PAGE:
SUZUKI (Head of our Editing Bureau): Today, we have asked you, the leading men of the principal political parties to hold a roundtable discussion to clarify the following points; namely, in spite of fervent public wishes for forming a democratic front (which were clearly seen in the success of the mass welcome for Mr. NOZAKA at HIBIYA Hall on 26th), no positive progress has been made in this direction. What is the reason? And, what are the obstacles? How can they be eliminated if any exist? Furthermore, how is a democratic front to be formed? The objective of a democratic front is to mobilize the masses to destroy reactionary influences, but, which political party is to become the central force? Is mere coalition of the Communist and the Social-Democratic Parties sufficient for this purpose? Or, is it necessary that the liberal Party as well as the Progressive Party also join the front? The latter two have their own policies; what do they think of the democratic front?
Among the social Democrats, there are some persons like Mr. MIZUTANI who are vigorously striving for the formation of a democratic front, but on the other hand there are the so-called "rightists" who are said to have full confidence in the Social-Democratic Party's winning the majority at the general election and are already assuming the airs of ministers. These men hate the communists and that is the reason the Party is refusing the united front offered by the Communist Party; so goes the rumor which is now prevailing among the people, and we should like to know whether or not it is true.
We ask you to express your frank opinions and candidly reveal the latest information on these points. When HITLER first seized power I was in GERMANY. The German workers tried to fight fascism jointly by forming a common front of the communist and Socialist Parties, but the Social-Democratic Party refused to join in spite of the repeated proposals of the others. The situation was so urgent that they were
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POLITICAL SERIES: 253 (Continued)
ITEM 2 (Continued)
finally forced to resort to a united front in order to prepare for the general election of 5 March 1933. Seeing this probability, HITLER crushed the scheme by setting fire to the REICHSTAG and on this pretext, he destroyed, first, the Communists, and thonic the Social-Democrats. Thus, I personally saw the downfall of the German democratic front.
The present circumstances in JAPAN are different from those in GERMANY; we are crying for a democratic front to eliminate feudalistic influences. we must not lose this opportunity. We must form a democratic front at once and strike down the reactionary regime and solve the food problem and ether questions, and finally re-establish a New JAPAN through a democratic revolution. We therefore ask you, Mr. YAMAKAWA, to discuss the democratic front or popular front, as you call it.
YAMAKAWA: There seems to be generally no question of calling JAPAN's present political change a democratic revolution, because it is an abnormal revolution being almost devoid of any principal faction. As it is propelled from without, it naturally has certain limitations. The present democratic revolution may stop half way unless we, ourselves, set in motion a movement that will force a democratic revolution in JAPAN.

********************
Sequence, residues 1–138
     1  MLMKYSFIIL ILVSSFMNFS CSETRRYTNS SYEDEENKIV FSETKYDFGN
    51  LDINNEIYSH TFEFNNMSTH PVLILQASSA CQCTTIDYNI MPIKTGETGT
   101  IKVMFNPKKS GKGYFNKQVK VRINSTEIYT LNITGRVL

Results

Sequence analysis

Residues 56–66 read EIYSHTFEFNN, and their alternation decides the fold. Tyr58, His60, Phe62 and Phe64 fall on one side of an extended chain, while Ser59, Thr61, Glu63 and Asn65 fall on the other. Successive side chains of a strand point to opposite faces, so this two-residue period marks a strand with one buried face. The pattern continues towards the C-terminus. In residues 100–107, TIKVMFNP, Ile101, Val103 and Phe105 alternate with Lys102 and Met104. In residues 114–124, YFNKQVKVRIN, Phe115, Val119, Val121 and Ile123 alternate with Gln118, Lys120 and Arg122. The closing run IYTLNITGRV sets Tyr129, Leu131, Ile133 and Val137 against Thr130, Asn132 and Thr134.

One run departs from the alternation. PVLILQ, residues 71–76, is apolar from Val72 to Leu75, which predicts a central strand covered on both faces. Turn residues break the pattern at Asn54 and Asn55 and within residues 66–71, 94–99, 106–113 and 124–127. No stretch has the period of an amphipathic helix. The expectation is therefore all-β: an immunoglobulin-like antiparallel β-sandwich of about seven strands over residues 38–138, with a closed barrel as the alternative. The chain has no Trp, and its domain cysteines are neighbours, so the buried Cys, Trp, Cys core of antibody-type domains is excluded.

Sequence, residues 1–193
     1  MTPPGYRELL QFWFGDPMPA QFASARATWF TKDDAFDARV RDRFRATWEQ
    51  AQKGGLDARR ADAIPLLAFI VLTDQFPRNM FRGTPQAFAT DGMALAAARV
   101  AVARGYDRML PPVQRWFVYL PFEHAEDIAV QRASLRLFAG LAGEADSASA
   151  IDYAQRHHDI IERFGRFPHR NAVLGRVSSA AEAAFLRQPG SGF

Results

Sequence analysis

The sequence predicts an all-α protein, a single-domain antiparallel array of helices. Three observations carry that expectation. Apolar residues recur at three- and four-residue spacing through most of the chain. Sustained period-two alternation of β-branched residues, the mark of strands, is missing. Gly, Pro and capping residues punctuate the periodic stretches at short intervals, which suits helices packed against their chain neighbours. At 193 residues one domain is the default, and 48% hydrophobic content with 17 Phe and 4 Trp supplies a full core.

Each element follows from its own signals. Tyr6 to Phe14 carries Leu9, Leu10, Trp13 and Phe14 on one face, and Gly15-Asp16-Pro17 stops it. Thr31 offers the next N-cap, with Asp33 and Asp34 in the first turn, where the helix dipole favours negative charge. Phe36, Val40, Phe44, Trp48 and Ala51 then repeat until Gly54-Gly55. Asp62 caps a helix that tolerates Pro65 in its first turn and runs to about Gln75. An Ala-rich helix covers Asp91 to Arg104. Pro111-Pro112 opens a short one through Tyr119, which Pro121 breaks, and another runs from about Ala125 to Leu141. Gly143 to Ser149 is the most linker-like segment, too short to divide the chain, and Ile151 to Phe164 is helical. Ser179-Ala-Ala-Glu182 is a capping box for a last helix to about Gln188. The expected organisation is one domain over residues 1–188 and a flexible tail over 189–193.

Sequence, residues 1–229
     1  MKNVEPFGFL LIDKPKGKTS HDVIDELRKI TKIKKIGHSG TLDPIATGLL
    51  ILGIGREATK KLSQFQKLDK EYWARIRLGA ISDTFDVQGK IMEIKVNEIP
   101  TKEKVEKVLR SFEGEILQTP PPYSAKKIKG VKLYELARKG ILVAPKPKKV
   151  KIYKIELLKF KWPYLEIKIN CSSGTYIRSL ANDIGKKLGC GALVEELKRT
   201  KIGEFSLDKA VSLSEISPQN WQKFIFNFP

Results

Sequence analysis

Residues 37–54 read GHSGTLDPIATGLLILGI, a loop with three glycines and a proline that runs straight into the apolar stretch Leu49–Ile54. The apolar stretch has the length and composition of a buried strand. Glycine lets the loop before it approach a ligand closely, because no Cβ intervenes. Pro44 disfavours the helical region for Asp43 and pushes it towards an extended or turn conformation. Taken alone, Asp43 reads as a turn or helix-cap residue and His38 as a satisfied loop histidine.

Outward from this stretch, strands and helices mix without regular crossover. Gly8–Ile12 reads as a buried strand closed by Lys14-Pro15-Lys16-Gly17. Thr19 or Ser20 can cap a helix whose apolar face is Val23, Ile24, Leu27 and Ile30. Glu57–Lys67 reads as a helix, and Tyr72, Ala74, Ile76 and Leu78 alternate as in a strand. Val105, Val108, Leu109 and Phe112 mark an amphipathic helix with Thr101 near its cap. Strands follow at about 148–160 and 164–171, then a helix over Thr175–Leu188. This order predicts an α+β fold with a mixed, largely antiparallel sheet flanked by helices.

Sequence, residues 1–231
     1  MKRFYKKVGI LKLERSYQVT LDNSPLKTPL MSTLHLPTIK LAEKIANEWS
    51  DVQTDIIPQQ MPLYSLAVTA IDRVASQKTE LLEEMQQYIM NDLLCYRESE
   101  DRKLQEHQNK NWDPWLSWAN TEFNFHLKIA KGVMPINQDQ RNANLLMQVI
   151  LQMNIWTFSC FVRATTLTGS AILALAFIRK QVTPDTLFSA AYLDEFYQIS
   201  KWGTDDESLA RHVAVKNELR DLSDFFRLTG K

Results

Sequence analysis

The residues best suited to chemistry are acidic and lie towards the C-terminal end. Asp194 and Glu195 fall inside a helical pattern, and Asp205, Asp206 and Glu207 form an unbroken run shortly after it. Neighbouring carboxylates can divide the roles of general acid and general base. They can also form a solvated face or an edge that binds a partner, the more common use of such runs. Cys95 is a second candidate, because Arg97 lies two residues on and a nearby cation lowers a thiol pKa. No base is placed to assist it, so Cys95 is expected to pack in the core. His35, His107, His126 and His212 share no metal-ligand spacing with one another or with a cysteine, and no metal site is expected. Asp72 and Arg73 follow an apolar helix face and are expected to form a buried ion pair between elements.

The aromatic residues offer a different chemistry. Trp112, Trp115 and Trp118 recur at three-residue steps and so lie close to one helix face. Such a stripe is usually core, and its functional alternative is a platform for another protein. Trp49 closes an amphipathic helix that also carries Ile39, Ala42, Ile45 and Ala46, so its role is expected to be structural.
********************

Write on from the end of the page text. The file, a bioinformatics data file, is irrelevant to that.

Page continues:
The people should be freed from feudal systems and feudal thoughts by achieving a democratic revolution. Their energies must be concentrated to form one strong political power. Military and financial cliques no longer exist and militarists have been expelled, but in reality the old reactionary influences are still entrenched. Protecting democracy from them is another reason for the necessity of a popular front. Five months have elapsed since the end of the war, but not even one step has so far been made toward establishing a democratic JAPAN, either in the economic sphere or in regard to the food problem, which is the moat urgent question.
Further, JAPAN must revive as an industrial country and become a link in the world's economy in the future. Old influences cannot achieve this. In order that JAPAN may be allowed to join the group of democratic countries of the world, a great central force must arise from among the democratic elements and guide the Japanese Nation. In Present JAPAN, the Government is almost entirely impotent and the country is only one step from ruin. In order to rescue the Nation from its present plight, we must by all means establish some central force. This was the reason I proposed a popular front which was the term I used purposely, not knowing under what name this movement would go in the future.
SUZUKI: As Professor YAMAKAWA has stated, the democratic revolution of JAPAN can hardly be achieved without concentrating widely separated democratic elements into one main body. In order to do so, I think political parties which are democratic in policy must, first of all, become the pivot of activity. Then, what kind of roles should the political parties play? I want to ask your opinion, Mr. MIZUTANI.